The effects of cognitive defusion and thought distraction on emotional discomfort and believability of negative self-referential thoughts

J Behav Ther Exp Psychiatry. 2010 Mar;41(1):11-7. doi: 10.1016/j.jbtep.2009.08.006. Epub 2009 Aug 18.


Previous research has shown that rapid vocal repetition of a one-word version of negative self-referential thought reduces the stimulus functions (e.g., emotional discomfort and believability) associated with that thought. The present study compares the effects of that defusion strategy with thought distraction and distraction-based experimental control tasks on a negative self-referential thought. Non-clinical undergraduates were randomly assigned to one of three protocols. The cognitive defusion condition reduced the emotional discomfort and believability of negative self-referential thoughts significantly greater than comparison conditions. Favorable results were also found for the defusion technique with participants with elevated depressive symptoms.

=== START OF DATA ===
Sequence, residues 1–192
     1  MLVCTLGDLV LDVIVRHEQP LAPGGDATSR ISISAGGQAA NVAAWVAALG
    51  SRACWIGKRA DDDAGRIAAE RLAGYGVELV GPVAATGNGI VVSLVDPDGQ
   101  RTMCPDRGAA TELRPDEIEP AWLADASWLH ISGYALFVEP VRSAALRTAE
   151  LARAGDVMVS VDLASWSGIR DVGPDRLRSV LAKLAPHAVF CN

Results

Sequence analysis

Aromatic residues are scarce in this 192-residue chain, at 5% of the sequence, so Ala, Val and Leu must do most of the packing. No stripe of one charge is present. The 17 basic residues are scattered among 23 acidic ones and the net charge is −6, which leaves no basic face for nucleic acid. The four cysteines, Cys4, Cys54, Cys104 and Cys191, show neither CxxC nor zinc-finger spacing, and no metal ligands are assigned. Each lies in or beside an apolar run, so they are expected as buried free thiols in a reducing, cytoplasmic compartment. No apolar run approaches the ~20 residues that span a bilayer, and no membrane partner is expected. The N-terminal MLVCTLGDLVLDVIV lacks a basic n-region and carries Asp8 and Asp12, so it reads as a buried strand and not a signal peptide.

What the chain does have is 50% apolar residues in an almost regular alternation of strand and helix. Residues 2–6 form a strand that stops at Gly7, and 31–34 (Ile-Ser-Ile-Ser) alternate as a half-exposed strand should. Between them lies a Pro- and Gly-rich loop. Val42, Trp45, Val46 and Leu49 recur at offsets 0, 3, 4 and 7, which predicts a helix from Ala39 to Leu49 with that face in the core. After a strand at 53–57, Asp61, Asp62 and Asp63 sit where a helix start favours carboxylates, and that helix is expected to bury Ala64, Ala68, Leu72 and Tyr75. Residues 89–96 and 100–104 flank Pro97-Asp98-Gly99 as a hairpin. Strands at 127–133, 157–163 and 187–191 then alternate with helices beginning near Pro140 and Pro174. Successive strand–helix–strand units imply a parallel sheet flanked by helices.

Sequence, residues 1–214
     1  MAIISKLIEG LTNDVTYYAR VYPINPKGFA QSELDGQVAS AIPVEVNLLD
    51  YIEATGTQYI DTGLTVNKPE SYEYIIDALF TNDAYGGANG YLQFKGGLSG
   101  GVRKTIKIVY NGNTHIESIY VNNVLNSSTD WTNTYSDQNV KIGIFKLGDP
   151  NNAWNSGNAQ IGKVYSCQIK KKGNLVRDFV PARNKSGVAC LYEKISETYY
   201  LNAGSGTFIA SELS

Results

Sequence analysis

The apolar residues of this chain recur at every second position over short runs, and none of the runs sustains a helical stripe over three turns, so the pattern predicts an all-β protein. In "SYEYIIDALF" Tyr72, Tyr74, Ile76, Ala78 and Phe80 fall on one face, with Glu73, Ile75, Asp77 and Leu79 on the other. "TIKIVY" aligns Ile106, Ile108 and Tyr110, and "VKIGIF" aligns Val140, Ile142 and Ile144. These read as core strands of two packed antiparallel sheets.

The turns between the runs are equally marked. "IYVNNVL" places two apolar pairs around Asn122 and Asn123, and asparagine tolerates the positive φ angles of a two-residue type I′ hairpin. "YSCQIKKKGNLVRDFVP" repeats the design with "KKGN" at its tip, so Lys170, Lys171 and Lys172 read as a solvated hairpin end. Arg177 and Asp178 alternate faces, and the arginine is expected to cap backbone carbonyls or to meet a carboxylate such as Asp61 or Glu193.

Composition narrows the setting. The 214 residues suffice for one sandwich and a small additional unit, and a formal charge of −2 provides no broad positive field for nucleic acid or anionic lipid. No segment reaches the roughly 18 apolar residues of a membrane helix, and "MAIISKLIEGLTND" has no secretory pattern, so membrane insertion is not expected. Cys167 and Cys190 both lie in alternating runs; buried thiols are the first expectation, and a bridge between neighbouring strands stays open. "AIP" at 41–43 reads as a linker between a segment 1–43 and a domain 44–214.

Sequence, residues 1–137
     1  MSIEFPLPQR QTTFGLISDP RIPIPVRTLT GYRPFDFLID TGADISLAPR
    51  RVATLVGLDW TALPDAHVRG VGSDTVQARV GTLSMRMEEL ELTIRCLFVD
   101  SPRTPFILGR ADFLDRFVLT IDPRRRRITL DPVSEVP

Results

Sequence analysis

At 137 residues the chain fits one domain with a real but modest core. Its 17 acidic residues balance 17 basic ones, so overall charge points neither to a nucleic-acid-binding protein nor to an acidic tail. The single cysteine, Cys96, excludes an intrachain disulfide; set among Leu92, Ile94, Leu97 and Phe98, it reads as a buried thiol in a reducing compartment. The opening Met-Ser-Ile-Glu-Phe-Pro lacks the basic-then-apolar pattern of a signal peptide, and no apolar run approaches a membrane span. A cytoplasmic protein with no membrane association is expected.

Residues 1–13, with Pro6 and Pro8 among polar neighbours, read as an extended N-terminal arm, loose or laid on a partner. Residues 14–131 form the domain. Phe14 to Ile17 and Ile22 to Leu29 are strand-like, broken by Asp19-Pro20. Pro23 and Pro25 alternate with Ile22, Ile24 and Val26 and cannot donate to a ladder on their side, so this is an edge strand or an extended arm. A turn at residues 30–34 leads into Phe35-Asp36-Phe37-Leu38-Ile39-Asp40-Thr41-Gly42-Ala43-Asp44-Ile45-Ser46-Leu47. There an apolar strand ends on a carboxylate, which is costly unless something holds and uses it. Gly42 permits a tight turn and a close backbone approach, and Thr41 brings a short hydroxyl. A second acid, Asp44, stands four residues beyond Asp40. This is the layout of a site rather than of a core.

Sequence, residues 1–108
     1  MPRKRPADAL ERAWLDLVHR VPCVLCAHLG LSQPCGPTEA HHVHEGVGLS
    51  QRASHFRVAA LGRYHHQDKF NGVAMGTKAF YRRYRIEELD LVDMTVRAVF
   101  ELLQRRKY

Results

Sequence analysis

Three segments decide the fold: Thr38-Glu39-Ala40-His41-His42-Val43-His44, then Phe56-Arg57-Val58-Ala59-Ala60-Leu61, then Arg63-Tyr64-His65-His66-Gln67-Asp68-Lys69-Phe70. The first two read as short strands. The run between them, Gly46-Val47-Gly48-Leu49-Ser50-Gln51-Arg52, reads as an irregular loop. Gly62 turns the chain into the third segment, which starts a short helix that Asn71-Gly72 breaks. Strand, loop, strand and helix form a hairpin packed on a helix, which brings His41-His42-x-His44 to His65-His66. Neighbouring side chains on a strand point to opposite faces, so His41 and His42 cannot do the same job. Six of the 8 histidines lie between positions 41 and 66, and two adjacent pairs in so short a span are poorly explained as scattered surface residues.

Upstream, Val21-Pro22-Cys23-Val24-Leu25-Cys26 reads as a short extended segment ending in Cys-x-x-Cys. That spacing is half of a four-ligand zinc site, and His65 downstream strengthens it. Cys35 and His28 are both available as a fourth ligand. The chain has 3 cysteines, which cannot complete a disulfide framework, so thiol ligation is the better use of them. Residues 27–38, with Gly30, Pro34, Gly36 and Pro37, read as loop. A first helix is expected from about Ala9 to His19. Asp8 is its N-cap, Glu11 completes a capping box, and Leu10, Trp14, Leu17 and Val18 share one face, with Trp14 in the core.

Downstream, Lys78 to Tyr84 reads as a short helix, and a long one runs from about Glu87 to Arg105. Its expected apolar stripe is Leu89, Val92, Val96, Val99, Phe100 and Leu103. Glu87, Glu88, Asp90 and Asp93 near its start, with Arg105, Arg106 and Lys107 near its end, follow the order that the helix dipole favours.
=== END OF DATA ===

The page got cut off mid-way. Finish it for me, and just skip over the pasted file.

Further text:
MeSH terms

  • Adolescent
  • Adult
  • Affective Symptoms / etiology*
  • Analysis of Variance
  • Cognition Disorders / complications*
  • Cognition Disorders / psychology
  • Culture*
  • Emotions / physiology
  • Female
  • Humans
  • Male
  • Mental Disorders / complications*
  • Middle Aged
  • Psychiatric Status Rating Scales
  • Self Concept*
  • Thinking / physiology
  • Young Adult